three pairs of wings, one on each thoracic segment, and these wings appeared to have evolved from flanges,
folds, evaginations or outgrowths of the cuticle (insect wings consist of two sheets of cuticle with supporting
veins). However, even in these forms the first pair of wings is typically reduced and in modern insects only the
second and third thoracic segments may bear wings. In many insects the wings on the third thoracic segment -
the hind-wings, are also absent. Honey bees beat their wings at around 200 times per second, whilst large
butterflies may beat their wings less than 10 times per second, mosquitoes at 400-600 times per second and
very small insects, like
Forcipomyia (midge) at 2218 times per second! In flies the hind-wings have been
reduced to sensory structures called halteres, so flies have two wings only.
The body of the insect is made up of a series of segments. The insect above has three obvious thoracic
segments and nine abdominal segments, but there are actually more than 12 segments present, as we shall
see. Each segment was originally more similar to the other segments, but over the course of evolution the
segments grouped into the head, thorax and abdomen and each began to differ from the others as a specific
function was assigned to each segment. To see how this scheme of evolution / development works
click here
and read about animal bodies. Each segment originally had its own 'brain' effectively, or rather a pair of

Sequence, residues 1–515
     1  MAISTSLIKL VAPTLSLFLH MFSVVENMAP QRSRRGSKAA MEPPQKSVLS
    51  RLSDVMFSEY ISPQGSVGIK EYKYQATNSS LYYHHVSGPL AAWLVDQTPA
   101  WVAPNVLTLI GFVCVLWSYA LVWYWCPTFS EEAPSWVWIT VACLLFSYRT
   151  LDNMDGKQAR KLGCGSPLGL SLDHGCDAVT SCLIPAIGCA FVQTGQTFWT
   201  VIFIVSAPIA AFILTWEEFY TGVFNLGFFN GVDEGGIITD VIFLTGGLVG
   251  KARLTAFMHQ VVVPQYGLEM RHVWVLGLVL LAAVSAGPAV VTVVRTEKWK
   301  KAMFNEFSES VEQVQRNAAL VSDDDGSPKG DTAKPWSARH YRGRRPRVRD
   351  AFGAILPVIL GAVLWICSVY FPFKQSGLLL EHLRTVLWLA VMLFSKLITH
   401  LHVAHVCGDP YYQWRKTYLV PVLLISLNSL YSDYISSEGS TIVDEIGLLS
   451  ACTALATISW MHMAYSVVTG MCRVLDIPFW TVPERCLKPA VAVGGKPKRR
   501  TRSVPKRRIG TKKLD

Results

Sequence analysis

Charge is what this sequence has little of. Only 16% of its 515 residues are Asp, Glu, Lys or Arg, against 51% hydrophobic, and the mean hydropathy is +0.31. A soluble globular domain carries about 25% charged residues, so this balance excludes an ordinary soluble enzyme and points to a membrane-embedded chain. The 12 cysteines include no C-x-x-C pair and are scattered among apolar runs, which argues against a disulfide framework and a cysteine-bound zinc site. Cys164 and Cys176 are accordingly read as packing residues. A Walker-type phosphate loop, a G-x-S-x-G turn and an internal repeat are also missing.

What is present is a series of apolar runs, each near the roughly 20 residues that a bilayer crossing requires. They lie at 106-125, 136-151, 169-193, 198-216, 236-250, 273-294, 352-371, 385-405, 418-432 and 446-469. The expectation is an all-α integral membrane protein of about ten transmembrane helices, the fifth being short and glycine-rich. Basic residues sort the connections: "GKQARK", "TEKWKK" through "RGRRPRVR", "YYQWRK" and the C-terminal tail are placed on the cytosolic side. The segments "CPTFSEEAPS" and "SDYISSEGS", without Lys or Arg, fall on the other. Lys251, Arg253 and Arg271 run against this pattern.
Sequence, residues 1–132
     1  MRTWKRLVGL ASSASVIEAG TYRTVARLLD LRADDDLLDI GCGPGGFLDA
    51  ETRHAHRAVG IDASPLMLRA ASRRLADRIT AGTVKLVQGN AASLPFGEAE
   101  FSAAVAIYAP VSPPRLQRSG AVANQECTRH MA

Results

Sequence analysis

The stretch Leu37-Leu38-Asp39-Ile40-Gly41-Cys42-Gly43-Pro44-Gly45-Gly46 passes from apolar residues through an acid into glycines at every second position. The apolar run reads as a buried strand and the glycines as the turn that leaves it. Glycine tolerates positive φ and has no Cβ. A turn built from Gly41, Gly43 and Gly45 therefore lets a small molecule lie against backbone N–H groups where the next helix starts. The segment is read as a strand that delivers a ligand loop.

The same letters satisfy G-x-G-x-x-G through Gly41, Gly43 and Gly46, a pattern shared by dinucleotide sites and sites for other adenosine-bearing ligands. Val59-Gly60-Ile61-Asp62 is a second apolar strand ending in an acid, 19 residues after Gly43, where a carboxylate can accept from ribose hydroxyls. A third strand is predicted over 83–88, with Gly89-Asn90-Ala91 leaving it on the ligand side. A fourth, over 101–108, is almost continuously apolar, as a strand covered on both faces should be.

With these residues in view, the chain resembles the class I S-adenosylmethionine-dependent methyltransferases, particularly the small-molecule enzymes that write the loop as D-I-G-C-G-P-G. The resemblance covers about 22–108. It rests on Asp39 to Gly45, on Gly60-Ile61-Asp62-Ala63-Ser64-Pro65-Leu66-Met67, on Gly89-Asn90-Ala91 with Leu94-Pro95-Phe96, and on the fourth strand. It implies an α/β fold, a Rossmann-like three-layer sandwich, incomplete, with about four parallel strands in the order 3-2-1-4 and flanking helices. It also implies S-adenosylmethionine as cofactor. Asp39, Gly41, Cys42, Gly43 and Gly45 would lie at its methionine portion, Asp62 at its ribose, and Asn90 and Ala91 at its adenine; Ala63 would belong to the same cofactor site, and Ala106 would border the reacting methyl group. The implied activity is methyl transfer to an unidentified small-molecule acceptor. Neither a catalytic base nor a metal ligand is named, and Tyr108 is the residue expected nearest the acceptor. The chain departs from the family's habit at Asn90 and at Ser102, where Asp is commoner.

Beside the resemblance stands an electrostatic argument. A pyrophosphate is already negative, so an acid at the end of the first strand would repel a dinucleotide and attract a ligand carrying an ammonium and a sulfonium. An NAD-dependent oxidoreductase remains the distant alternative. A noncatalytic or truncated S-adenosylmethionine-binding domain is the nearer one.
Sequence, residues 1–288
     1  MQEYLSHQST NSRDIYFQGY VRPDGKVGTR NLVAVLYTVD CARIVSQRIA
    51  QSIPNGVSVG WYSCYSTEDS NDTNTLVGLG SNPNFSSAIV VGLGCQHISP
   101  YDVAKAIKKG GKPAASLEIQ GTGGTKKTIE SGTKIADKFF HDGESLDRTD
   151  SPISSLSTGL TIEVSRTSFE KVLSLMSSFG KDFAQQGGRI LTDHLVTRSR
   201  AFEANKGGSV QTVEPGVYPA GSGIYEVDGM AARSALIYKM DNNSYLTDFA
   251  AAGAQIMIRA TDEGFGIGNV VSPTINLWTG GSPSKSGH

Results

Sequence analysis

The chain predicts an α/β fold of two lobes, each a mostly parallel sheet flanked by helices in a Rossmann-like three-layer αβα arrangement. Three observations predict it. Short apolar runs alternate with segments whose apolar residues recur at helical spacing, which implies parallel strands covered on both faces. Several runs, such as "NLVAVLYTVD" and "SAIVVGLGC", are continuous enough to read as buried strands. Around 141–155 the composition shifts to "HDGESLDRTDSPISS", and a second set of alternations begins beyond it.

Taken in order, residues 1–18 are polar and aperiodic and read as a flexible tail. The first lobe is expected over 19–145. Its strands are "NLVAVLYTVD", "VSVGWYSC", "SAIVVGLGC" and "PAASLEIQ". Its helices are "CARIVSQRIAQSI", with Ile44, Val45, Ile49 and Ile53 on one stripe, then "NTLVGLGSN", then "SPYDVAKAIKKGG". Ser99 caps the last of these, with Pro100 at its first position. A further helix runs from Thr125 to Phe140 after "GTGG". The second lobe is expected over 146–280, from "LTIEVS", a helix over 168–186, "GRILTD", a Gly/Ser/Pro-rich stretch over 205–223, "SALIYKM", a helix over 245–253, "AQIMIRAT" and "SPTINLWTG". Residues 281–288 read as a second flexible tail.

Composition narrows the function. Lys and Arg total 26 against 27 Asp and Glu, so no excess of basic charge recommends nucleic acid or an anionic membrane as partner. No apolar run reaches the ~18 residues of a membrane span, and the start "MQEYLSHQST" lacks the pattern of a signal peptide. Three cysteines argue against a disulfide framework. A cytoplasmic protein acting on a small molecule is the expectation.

brains, since most structures were paired. Each of these local brains or
ganglia (as they are more properly
called, sing. ganglion) would have coordinated the appendages attached to that segment and the various
sensors. Each segment probably had its own pair of appendages, controlled by its own pair of ganglia and so
was pretty much independent. This conditions still exists in many worms, in which the head is not so well
developed (indeed many worms can grow a new head should they lose one!). The head of the insect evolved
as several anterior segments fused together. The insect brain proper, consists of a series of paired ganglia
fused together, suggesting that the head developed from the fusion of 4-6 segments or so. In many insects,
the three thoracic segments may be more-or-less segments, and they may appear to be a single long
segment, especially when viewed from above. The fusing of neighbouring segments into groups enables